Could this be why you’re bored?
As a child I regularly complained to my mother that I was bored.
There were the standard responses – go clean your room or make your bed to which of course I would say but that’s boring.
Had my mother (who I’ve called by her first name since I was 11) told me to scale the front of our two storey house onto the roof and then work out how to get down, it would’ve been a different story.
Because the task of climbing up onto the roof would have been more challenging compared to making my bed yet still within my capability. I was a good climber.
Here’s the thing.
Boredom (and a sense of dullness) can enter the scene when life lacks challenge. When things become easy.
Think of a time when you either started a new job, a new course or a new hobby.
For a few months, it was both exciting and challenging. You were learning new things, meeting new people and stretching yourself outside your comfort zone. Everyday was different and you loved the high that came with it.
Then as time went on, you started to master your craft. You got good at it. The excitement slowed, you became efficient and effective. You were still being presented with challenges but nothing you couldn’t handle. If anything, the repetitive nature of the challenges started to annoy you.
Here’s what happened.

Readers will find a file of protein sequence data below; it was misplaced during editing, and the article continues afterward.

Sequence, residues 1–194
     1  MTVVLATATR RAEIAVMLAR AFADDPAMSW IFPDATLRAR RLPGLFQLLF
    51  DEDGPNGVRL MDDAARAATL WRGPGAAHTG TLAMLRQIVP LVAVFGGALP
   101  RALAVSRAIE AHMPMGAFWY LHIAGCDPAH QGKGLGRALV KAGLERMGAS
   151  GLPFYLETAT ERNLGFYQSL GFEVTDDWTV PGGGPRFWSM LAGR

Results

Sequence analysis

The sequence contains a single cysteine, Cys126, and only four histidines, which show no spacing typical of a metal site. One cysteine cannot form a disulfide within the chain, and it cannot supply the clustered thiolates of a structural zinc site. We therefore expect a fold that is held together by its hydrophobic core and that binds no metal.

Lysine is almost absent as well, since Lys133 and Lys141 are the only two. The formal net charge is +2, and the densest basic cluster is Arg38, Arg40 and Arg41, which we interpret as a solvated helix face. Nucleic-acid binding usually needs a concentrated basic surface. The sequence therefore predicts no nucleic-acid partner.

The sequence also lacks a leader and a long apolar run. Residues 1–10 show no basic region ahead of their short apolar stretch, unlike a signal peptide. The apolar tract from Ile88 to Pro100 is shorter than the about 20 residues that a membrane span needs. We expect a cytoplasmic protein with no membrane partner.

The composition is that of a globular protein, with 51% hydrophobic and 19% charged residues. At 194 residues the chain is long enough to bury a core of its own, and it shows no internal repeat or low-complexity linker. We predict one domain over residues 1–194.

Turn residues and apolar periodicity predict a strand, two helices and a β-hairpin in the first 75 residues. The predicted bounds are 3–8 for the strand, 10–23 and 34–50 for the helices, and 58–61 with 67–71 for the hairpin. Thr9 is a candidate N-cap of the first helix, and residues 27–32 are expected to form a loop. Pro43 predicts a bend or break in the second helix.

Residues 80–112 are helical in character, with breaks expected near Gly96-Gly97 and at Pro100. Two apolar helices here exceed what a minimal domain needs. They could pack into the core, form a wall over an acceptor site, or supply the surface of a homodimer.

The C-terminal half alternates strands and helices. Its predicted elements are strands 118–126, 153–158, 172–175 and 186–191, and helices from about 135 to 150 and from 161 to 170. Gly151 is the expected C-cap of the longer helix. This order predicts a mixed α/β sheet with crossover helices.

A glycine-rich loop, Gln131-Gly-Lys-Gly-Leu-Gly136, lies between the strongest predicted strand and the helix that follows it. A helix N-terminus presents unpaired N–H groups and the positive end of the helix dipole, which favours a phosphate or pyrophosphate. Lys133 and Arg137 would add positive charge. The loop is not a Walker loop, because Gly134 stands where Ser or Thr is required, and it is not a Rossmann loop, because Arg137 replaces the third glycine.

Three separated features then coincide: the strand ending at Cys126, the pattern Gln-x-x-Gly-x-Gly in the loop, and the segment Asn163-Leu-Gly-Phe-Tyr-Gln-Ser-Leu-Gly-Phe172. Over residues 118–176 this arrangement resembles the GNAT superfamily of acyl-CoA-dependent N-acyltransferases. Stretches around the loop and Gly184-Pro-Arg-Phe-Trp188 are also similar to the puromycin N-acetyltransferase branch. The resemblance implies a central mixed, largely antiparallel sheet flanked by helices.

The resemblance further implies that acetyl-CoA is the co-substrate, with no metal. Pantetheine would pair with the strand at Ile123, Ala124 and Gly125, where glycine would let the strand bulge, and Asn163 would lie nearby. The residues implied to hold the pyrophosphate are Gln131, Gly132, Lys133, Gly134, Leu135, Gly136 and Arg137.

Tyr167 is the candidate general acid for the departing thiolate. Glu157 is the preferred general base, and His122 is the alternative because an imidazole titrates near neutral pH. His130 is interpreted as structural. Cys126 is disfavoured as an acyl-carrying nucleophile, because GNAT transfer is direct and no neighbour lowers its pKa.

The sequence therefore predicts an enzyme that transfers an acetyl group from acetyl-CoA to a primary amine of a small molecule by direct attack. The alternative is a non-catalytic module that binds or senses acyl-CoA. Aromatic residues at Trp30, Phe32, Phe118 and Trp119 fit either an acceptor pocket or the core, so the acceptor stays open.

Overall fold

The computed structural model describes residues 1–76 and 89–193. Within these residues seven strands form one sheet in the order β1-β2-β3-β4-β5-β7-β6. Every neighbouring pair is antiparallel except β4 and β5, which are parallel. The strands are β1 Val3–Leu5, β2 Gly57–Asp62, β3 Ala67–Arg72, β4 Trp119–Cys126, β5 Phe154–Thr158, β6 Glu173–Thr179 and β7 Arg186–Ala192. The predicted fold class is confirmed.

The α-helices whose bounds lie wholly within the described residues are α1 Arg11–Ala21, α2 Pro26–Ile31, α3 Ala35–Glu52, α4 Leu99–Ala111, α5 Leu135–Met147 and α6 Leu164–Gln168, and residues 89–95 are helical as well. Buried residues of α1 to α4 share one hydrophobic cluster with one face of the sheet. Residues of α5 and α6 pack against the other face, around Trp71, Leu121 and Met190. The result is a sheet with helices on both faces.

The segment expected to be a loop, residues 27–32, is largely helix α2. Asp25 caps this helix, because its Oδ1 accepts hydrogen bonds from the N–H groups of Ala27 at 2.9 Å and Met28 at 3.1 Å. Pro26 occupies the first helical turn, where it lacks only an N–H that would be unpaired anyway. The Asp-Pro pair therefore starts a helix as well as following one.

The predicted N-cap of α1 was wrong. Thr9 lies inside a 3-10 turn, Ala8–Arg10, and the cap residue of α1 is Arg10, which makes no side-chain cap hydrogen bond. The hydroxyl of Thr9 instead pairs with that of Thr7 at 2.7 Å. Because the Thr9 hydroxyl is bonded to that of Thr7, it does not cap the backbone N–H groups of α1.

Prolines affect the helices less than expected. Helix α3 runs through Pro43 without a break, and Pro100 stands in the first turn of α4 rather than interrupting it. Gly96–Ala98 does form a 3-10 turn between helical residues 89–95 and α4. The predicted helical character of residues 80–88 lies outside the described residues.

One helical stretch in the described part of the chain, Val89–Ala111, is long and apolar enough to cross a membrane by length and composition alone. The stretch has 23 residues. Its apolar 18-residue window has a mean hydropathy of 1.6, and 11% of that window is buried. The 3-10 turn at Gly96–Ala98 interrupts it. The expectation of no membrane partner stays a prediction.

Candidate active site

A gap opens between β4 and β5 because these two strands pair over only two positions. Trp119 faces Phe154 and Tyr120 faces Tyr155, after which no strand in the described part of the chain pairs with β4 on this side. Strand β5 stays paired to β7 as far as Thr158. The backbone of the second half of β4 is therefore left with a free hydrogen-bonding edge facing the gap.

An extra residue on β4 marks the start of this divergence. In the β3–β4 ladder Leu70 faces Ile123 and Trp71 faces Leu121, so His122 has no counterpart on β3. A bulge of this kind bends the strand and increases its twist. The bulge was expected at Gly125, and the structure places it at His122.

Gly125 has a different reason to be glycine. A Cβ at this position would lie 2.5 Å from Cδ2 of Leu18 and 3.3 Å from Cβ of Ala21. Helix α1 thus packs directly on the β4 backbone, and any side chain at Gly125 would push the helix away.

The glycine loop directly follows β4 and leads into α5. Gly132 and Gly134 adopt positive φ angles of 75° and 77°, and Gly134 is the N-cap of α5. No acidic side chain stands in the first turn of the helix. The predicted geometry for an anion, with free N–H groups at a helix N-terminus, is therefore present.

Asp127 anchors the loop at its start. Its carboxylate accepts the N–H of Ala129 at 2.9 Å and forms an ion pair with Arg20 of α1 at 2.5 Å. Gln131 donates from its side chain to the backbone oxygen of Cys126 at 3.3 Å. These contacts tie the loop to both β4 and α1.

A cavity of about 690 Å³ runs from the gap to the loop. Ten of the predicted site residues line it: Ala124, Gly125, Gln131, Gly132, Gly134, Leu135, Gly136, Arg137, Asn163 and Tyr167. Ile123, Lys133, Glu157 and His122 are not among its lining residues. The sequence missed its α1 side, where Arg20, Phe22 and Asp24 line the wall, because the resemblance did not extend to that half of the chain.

You went from what’s called a state of flow (or your sweet spot) down the back road to boredom.
It was Hungarian-American positive psychologist Mihaly Csikszentmihalyi who developed the idea of flow and spent years researching, interviewing and writing about the state of flow.
He explains flow as…
“A state in which people are so involved in an activity that nothing else seems to matter; the experience is so enjoyable that people will continue to do it even at great cost, for the sheer sake of doing it.”
So what can you do to find that state where you’re completely absorbed in a task, you’re using your skills, time flies by and nothing else matters?
Here are two possibilities:
Find a new task!
Find something that you enjoy doing, that’s going to stretch you but is still within your ability to complete.
Note: If you do something beyond your capability, beyond your skill level, you’ll only end up frustrated.
It may help if you think about a time/s when you felt good while doing something. What were you doing? Where were you? What felt good about it? How can you get more of that?
Do more of what you love
It might be a hobby like photography or writing or walking in nature.
Or maybe there’s an aspect of your job that you love doing. If so, negotiate with your boss to do more of it!
Csikszentmihalyi believes that people are happiest when they are in a state of flow.
What are you waiting for? Go find your happy place!
Until next time,
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